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ARS Home » Southeast Area » Stoneville, Mississippi » Warmwater Aquaculture Research Unit » Research » Publications at this Location » Publication #320648

Research Project: Water Quality and Production Systems to Enhance Production of Catfish

Location: Warmwater Aquaculture Research Unit

Title: Intensive production of hybrid catfish

item Torrans, Eugene
item Ott, Brian
item Tucker, Craig

Submitted to: Annual Meeting World Aquaculture Society
Publication Type: Abstract Only
Publication Acceptance Date: 9/2/2015
Publication Date: 2/22/2016
Citation: Torrans, E.L., Ott, B.D., Tucker, C.S. 2016. Intensive production of hybrid catfish. Annual Meeting World Aquaculture Society. A. 299.

Interpretive Summary:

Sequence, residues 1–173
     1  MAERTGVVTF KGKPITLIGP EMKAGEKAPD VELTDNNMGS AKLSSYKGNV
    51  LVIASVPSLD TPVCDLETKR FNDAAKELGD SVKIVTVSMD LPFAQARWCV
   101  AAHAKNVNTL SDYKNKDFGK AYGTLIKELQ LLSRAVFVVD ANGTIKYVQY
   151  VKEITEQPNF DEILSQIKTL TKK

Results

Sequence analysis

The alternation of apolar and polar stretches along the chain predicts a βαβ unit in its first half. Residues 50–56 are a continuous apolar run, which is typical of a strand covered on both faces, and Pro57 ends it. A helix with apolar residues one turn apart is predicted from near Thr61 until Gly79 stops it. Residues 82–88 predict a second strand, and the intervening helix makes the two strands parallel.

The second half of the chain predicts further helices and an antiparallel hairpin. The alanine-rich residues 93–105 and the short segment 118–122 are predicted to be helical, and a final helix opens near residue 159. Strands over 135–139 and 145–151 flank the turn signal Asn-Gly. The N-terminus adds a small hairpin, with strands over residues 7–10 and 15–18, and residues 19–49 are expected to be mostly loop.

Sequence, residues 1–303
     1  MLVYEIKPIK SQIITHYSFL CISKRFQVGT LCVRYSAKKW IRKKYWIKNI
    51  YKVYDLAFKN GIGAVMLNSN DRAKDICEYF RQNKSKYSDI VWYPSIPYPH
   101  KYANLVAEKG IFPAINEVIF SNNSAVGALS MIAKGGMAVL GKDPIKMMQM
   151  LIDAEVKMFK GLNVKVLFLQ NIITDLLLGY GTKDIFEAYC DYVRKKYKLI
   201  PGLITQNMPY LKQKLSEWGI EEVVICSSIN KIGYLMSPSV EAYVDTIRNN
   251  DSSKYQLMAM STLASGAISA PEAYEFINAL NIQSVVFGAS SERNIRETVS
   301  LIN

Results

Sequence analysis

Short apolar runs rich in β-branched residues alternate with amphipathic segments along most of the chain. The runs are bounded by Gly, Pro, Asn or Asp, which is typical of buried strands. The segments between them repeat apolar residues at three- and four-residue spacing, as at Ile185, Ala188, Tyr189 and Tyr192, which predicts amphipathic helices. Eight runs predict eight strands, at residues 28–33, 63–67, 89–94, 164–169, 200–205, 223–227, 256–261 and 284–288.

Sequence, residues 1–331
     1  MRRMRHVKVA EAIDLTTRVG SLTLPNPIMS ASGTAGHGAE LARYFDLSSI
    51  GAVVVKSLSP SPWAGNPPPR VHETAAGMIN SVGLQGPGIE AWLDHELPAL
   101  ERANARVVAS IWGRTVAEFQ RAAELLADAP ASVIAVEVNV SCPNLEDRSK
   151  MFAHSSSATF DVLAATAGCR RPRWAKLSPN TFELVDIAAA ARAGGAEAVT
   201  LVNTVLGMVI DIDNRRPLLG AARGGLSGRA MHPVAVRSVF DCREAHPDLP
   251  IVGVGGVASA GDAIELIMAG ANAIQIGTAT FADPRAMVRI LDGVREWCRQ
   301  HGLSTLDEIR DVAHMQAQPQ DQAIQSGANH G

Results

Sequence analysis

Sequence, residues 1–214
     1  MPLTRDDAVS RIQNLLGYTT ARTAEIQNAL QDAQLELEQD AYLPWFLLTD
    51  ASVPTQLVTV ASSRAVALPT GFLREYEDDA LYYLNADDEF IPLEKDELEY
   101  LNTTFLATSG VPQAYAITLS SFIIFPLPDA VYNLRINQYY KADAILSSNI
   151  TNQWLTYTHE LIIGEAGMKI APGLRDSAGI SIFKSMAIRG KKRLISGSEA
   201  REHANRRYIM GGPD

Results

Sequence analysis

Technical Abstract: Economic analysis by others shows clearly that under certain fish price-feed price combinations, intensively aerated ponds are not only an alternative, but are the profit-maximizing technology. We have raised hybrid catfish at stocking rates of 20,000/acre with aeration rates up to 10 hp/acre, producing over 28,000 lbs/acre in 0.25-acre research ponds. While ammonia concentrations were generally elevated above low-density (5,000 fish/acre) control ponds, there was no significant impact on FCR (1.8 in both treatments), a primary measure of biological efficiency. However, individual growth rate (final fish size) was reduced from 2.2 lbs/fish to 1.6 lbs/fish at the higher density. A follow-up study was conducted in 2015 to determine the effect of high stocking rates on water quality parameters, growth, and production when minimum DO was similar and maintained above 3.0 ppm. Hybrid catfish of equal average weights (56.8 lbs/1000) were stocked on April 2, 2015 in six unreplicated 0.25-acre ponds at rates of 6,000- 36,000 fish/acre and fed daily to practical satiation. Each pond had a total of 24-hp/acre of available aeration (three 2-hp paddlewheel aerators per pond) which was controlled to maintain a minimum daily DO concentration in excess of 3 ppm and similar among ponds. Fish were sampled monthly to assess for parasites, disease, and pathologies related to water quality. Temperature and pH were measured twice daily and used to calculate free CO2; TAN, nitrite, nitrate, and chlorophyll a were measured weekly; alkalinity, volatile and non-volatile suspended matter, and bacterial nitrification rates were measured bi-weekly; chlorides and hardness were measured monthly. Salt was added periodically to maintain a minimum chloride concentration of 100 ppm The ponds will be harvested in November when feeding ceases due to cold temperatures. All data will be presented. This presentation is dedicated to the memory of Samuel “Bo” Manning, 1981-2015, our colleague at the Warmwater Aquaculture Research Center.